Bringing sandwiches to evacuees, preparing soft beds for exhausted firefighters, Chabad’s response to crisis– wildfires, tsunamis, hurricanes, explosions – proves its universal commitments to goodness and kindness.
In Sydney, a 3,200 square foot example of Chabad’s service to the community at large opened.
“Our Big Kitchen” housed in a basement space excavated from under the Yeshiva Center building demonstrates how Chabad’s outreach to all neighbors continues even when disasters and their headlines are nowhere in sight.
Chabad of New South Wales, under the leadership of Rabbi Pinchus and Pnina Feldman since 1968, built the kitchen to give community groups a place to prepare meals for the hungry, give cooking lessons to the poor, and cater their own events. As a kosher kitchen, rabbinical supervisors remain on site no matter who uses the kitchen, which multiplies opportunities for cultural exchange.
“Whatever it is, we believe it can be done better with food,” said Rabbi Dovid Slavin, director of Our Big Kitchen (OBK).
In an interview with Lubavitch.com, Rabbi Slavin’s served up a melting pot of ideas for the kitchen’s use. It will be a living laboratory for those experimenting with the idea of keeping a kosher home. Fire and ambulance companies can rustle up food in OBK when they’re on call during emergencies.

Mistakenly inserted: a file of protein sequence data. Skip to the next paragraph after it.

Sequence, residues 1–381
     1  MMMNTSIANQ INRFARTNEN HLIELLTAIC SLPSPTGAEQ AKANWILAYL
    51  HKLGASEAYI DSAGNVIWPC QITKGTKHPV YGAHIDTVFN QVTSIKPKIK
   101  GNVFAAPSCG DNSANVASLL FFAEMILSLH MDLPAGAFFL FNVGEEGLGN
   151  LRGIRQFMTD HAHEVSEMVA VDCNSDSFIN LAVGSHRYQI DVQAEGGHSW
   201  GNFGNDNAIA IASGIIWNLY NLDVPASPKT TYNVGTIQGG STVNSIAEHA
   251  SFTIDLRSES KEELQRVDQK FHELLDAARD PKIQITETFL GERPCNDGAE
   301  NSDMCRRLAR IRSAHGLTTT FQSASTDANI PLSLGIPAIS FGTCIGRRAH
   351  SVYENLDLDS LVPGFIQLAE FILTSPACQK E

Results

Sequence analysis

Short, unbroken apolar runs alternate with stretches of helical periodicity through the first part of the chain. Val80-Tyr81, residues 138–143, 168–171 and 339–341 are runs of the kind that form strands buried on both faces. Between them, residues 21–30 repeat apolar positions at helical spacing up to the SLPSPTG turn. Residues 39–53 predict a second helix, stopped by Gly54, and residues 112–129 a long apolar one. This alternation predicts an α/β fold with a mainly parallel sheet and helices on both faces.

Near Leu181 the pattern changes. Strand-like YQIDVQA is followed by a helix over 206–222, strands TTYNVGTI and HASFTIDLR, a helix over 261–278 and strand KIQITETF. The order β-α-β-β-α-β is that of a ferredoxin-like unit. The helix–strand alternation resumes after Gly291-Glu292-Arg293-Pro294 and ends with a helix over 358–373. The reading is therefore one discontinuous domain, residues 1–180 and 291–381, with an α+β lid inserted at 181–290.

Underprivileged aspiring chefs can learn the knife and stove skills they need to get a decent job, a variation on Californian-gourmand Alice Water’s Edible Schoolyard program.
“The new kitchen will provide food to those in need in our community in need of nourishment and will be utilized to support the work of other community service organizations, regardless of religious affiliation,” Prime Minister of Australia John Howard wrote in a letter to Chabad.
Australia’s marquee corporations poured resources into the $1.5 million(AUS) kitchen.
Perelli, the Italian rubber tire company, donated miles of electrical cabling. Mirvac, a mega developer and real estate management firm, donated the tile floor. Australia’s iconic steel producer, BHP, now known as BlueScope Steel, CSR – a product material company, Grocon and Meritan – commercial developers all took on a slice of the kitchen’s construction and outfitting. They followed the path of Yeshiva’s Life Governor Harry Triguboff, a leading homebuilder.
Contributors from the Greek community, a culture well aware of the power of a good meal, joined Sydney’s Jewish community to get the kitchen open.
At the community banquet where Our Big Kitchen was feted before a crowd of 1,400, the project’s broad base of support appeared right on the dais. Political rivals Malcolm Turnbull MP and Kevin Rudd, the Guiliani and Clinton of Australia, showed up to salute the effort. Turnbull was the night’s guest of honor. Keeping the evening’s program moving along was talk radio host Alan Jones.
Jones, Down Under’s answer to Rush Limbaugh, emceed the event and lent his voice to OBK’s fundraising video.
“The vision of the kitchen,” Jones said, “is to ‘teach people to fish’ rather then giving them a fish.”
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